I love the fire pit at Kuril Dhagun at State Library of Queensland, it’s a place where community can come and gather and share stories whilst eating and watching the river and the wildlife that is running in and out of the trees. Fire & Libraries – not something you usually see next to each other as a positive thing! I just love the energy of that space, and the recognition that knowledge transmission and learning is not only found it books, it belongs in stories and through relationships with people.

Decolonisation is complex and multifaceted. A good place to start in my mind though is starting to discuss the ways in which colonisation impacted Aboriginal and Torres Strait Islander peoples, and to examine and discuss if your library (its services, collections, systems, policies, procedures) support ongoing colonisation. If so, try and address them in partnership with members of your local community. Examine the power structures in play and hand over some of the decision making to Indigenous people.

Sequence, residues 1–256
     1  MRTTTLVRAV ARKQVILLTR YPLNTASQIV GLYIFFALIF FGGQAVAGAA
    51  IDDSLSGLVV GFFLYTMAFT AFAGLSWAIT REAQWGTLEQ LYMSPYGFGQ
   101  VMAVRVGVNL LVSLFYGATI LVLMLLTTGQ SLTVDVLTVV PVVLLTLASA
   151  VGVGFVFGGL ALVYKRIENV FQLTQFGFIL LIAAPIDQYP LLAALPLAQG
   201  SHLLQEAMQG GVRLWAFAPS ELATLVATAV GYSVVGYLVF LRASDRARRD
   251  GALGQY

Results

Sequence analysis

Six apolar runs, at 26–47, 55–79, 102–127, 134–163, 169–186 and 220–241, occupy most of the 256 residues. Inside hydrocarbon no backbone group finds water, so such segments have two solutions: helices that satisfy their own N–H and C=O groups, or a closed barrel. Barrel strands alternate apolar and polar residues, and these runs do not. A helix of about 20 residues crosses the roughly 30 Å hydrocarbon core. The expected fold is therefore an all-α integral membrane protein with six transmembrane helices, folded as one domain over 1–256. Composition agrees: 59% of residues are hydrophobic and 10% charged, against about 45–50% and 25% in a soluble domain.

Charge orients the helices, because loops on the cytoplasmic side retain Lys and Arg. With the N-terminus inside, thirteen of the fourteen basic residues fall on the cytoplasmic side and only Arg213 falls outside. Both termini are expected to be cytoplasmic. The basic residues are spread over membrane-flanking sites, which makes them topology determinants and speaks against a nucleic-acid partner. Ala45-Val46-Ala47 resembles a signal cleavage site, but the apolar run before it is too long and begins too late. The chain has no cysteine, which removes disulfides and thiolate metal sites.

What advice do you have for students or new graduates?

Get involved! Make connections with local Indigenous networks and support Indigenous priorities in the library sector. This year for example is the United Nations International Year of Indigenous Languages, show support for the recognition of Indigenous people and language and cultural revitalisation and maintenance.

Read and learn more about the diversity of Aboriginal and Torres Strait Islander peoples, cultures, languages and histories. Start with some essential reading lists here. Connect with other Indigenous people who work in the sector (see the Indigenous Archives Collective) and keep abreast of emerging literature and conversations.